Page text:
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Drone Victim: U.S. Strikes Boost al-Qaida Recruitment

A young Yemeni whose village was targeted by a U.S. drone strike tells Salon about the experience, and its effects.

On April 17, a 23-year-old Yemeni activist and journalist named Farea Al-Muslimi  tweetedabout a U.S. drone strike on his village, Wessab, which he describes as “ the Yemen capital of misery with its beautiful mountains no one from outside remembers.” In the strike, five alleged members of al-Qaida in the Arabian Peninsula (AQAP) were killed. The U.S. droned Yemen  53 times last year, tripling the number of attacks from 2011, and incurring a civilian casualty rate between 4 to 8.5 percent. On April 23, Al-Muslimi gave stirring testimony at the  first U.S. Senate Judiciary Committee on the legality of drone wars.

In the exclusive conversation below, Al-Muslimi tells Salon about the drone strikes’ devastating toll on Yemeni civilians and how the current U.S. counterterrorism policy in Yemen is like “reading from a manual ’10 Steps on How to Lose a War.’”

You testified at the first U.S. Senate Judiciary Committee on drone wars describing the consequences of a drone strike on your village. What was the U.S. justification for the strike on Hammed Al-Radmi, a man from your village?

I don’t know (laughs). There is no justification for the U.S. in every case I’ve seen in Yemen where they’ve done a drone strike — either in my village or other villages. They say they need to use these [predator] planes, because otherwise they cannot capture these [targeted] people, but that is misleading and not true. This is why I came here – to ask what’s the justification? I don’t know. You should really direct this question to the U.S. government.

Even right now, the U.S. still hasn’t said why they killed Al-Radmi. And for many people in the area, including government officials, Al-Radmi was a social figure who was helping and solving many of the problems. He might have been accused of having ties with AQAP, but the U.S. didn’t capture him or question him. Basically, the U.S. just killed a very normal person who just three years ago was actually studying economics in Cuba, under the government of Castro, before returning to Yemen. And then the U.S. ordered a drone strike on him and they still don’t really know why. I don’t see the justification for using a strike, because [due to his visibility] it would have been easier to capture him than perhaps any other Yemeni in the capital.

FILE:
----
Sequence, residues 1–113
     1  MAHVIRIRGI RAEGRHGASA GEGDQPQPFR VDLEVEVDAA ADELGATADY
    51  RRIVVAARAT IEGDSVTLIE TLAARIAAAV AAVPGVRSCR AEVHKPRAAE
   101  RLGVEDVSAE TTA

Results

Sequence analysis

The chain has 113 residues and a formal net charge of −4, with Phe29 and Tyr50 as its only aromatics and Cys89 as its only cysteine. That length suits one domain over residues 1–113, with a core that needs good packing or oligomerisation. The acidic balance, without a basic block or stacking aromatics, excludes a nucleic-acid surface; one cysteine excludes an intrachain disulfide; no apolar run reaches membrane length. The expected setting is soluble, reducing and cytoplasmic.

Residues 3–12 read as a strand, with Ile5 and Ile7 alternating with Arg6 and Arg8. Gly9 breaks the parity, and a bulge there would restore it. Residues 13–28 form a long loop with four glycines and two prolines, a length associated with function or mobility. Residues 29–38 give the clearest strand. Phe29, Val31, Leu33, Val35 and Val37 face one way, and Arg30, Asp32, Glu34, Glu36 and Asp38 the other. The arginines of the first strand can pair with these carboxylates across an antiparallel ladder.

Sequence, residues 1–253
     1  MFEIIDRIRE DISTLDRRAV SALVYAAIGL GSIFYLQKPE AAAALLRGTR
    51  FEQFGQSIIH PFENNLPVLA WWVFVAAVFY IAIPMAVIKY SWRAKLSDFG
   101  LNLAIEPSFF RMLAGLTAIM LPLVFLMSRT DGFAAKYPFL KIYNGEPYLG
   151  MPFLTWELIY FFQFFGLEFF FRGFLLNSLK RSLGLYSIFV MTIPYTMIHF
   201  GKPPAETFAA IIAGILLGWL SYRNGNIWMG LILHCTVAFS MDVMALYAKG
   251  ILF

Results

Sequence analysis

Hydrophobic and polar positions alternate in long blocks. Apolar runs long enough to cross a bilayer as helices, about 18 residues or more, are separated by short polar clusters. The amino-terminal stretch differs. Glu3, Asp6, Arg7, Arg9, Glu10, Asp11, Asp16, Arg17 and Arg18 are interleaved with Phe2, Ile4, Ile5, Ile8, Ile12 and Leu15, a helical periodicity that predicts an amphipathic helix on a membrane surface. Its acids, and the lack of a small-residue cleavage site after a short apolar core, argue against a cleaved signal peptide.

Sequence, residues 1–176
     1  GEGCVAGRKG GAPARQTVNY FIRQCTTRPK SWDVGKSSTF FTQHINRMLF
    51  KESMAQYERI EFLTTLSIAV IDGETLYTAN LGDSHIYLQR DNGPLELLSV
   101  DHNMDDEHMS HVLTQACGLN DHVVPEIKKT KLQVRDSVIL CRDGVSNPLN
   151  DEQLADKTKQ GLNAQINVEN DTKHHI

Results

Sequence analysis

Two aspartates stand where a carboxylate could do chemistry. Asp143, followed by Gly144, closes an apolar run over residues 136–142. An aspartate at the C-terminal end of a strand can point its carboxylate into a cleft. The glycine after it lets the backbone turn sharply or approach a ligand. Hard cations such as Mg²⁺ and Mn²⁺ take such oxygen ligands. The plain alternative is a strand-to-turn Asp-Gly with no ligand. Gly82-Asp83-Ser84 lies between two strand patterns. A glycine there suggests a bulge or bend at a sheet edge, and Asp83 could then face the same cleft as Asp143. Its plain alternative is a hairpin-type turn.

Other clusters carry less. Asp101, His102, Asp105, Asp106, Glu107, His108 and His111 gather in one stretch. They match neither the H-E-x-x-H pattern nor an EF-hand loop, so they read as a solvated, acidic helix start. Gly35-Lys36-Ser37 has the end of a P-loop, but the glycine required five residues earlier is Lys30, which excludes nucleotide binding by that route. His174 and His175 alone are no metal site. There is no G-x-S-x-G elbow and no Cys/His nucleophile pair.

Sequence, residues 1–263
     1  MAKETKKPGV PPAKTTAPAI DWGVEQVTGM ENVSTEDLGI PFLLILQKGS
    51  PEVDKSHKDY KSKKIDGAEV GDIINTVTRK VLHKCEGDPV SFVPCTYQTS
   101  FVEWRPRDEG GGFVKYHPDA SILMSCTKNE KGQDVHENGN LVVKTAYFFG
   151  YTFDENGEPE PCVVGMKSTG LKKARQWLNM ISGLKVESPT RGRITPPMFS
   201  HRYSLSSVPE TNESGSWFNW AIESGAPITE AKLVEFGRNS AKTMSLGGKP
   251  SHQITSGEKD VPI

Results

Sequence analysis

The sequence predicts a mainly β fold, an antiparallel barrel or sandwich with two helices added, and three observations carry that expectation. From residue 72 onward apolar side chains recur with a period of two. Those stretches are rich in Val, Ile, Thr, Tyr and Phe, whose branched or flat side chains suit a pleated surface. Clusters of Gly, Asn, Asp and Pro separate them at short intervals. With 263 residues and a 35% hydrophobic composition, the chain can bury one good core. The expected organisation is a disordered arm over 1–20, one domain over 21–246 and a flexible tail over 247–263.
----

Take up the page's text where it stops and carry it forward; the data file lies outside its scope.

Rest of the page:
In May of 2011, the U.S. government launched a drone strike meant for Anwar Al-Arshani. However, 24 civilians were also killed that day. Al-Arshani was alleged to be a member of al-Qaida, but many Yemenis say that allegation was uncorroborated. What’s your take?

This is a good, good question. Al-Arshani’s house was the first drone strike I ever visited. I interviewed most of the survivors. I visited them almost a month after the strike, and I still found a few pieces of his house. It is one of the places in Yemen where most civilians were killed ever [as a result of a drone strike]. Whether Al-Arshani was part of al-Qaida or not, the U.S. killed 24 innocent Yemenis. They could have been more efficient and accurate with their strike — at least if this policy was well thought out.

I interviewed a woman whose husband was killed in that strike. The day of the strike, he went to the souk to look for a job. He was a jobless man; he was working day by day. The woman was so happy, she said today her husband will find work and he’ll come home in the afternoon with food for their four kids. Unfortunately, she learned later that he was killed. It was one of the most tragic cases where a U.S. strike killed innocent civilians.

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